Leaders of the Mercedes-Benz Stadium construction team delivered an update on the project to a state board Tuesday, stressing the complexity of the steel structure for the roof of the Falcons’ new home.
“It has been quite the challenge, and it has certainly taken the (steel) fabricators longer than they would have liked,” Wayne Wadsworth, principal in charge of the Holder Hunt Russell Moody joint venture, the stadium’s general contractor, told the Georgia World Congress Center Authority board.
Falcons owner Arthur Blank cited the complexity of the roof structure when he disclosed in an interview with The Atlanta Journal-Constitution last month that the target date for opening the stadium has been pushed back three months to June 1, 2017.
Barring further delays, that won’t prevent the Falcons from opening the 2017 season in the stadium, but it will force Blank’s new professional soccer team, Atlanta United, to play on the road for at least the first three months of its inaugural MLS season.
In the presentation to the GWCCA board Tuesday, Wadsworth said all 18,000 “shop drawings” for the fixed portion of the stadium roof will have been processed and approved by the end of this month, calling that “a very major milestone.”
“(It’s) a huge sigh of relief to have that in our rearview mirror,” he said. “We’re now focused on the operable (roof) panels and on the video halo structural steel.”
The $1.4 billion stadium is under construction next to the Georgia Dome. Two of the signature features of the new stadium are the retractable roof, which is supposed to open and close in seven minutes, and the 58-foot-high oval video board, which will be built into the roof opening and will surround the field.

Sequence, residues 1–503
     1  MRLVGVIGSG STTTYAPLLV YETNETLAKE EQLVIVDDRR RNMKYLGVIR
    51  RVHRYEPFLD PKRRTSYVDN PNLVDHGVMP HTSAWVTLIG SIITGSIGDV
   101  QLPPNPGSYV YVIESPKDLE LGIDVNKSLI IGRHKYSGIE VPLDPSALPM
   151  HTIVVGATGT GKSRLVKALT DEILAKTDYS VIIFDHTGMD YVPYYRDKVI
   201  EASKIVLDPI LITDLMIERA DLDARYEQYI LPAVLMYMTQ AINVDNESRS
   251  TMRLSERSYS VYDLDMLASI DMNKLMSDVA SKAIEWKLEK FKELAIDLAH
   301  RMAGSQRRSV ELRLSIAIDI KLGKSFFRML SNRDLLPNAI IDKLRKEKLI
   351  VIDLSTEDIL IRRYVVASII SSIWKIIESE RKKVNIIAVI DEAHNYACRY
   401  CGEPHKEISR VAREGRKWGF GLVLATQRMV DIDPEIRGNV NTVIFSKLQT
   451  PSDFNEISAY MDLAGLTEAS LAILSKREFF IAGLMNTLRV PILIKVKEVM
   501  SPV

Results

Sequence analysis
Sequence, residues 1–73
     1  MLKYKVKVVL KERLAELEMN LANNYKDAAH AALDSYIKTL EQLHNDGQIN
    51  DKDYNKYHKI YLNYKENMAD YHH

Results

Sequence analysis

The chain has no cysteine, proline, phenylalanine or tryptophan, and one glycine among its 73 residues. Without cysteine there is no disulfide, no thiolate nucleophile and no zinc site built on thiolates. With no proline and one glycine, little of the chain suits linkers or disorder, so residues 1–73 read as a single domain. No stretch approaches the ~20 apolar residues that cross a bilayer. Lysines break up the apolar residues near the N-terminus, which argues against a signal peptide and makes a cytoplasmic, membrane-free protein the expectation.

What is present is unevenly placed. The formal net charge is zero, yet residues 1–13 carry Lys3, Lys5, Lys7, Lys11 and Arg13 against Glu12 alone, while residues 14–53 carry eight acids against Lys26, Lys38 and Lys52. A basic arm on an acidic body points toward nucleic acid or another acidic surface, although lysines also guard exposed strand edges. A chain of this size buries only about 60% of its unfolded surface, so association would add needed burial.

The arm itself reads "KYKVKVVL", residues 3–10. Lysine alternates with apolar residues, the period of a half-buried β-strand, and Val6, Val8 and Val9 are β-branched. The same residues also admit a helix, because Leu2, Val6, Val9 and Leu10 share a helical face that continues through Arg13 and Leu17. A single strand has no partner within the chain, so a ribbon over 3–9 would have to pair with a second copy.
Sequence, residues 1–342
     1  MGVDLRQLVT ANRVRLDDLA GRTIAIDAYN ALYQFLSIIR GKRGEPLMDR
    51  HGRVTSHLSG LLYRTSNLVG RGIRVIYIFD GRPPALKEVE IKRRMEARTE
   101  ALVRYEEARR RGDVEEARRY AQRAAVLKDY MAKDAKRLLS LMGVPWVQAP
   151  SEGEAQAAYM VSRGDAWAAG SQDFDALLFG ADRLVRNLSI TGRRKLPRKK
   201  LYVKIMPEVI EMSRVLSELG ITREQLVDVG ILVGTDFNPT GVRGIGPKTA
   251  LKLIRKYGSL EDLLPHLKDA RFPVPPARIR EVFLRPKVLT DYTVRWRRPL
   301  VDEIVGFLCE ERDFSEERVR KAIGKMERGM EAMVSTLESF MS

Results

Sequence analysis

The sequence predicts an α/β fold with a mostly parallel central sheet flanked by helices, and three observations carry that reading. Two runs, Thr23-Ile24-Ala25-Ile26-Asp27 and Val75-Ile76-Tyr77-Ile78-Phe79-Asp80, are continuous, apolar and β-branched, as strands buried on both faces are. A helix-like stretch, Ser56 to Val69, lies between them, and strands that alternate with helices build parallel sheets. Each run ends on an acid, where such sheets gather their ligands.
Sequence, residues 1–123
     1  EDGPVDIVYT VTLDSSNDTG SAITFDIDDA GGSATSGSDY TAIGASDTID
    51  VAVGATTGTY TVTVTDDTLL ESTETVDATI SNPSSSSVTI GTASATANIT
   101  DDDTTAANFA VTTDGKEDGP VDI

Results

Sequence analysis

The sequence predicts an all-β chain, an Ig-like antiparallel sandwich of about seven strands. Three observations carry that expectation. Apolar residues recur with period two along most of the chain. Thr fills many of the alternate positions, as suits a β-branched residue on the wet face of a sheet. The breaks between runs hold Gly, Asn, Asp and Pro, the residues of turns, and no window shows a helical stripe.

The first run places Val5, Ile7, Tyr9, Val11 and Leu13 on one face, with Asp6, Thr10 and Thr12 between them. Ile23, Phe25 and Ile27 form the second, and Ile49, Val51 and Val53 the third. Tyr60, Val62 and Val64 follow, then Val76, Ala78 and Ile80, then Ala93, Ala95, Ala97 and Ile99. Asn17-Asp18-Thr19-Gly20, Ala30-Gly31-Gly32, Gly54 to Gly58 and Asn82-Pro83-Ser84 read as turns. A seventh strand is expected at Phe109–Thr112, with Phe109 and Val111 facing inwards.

GWCCA board member David Allman asked Wadsworth and Bill Darden, the Falcons’ stadium project executive, the target date “for pushing that button” to see the retractable roof in action for the first time.
“It’ll probably be late first quarter of 2017,” Wadsworth replied. “It’ll be moving around before that in pieces as we get it constructed, but that will be under contractors’ control as opposed to the magic button.”
Wadsworth and Darden also updated the board on plans for demolishing the Georgia Dome after the new stadium opens.
A contract to demolish the Dome likely will be awarded by August, they said. Pre-qualification of prospective bidders is scheduled to be completed in March, followed by a bid process.
Wadsworth and Darden said the Dome likely will be demolished by a combination of implosion and mechanical means (such as wrecking ball).
“There are some firms that want to implode more of the existing structure than others,” Wadsworth said. “The team that we select will be part of the design and the engineering of the right way to take it down.”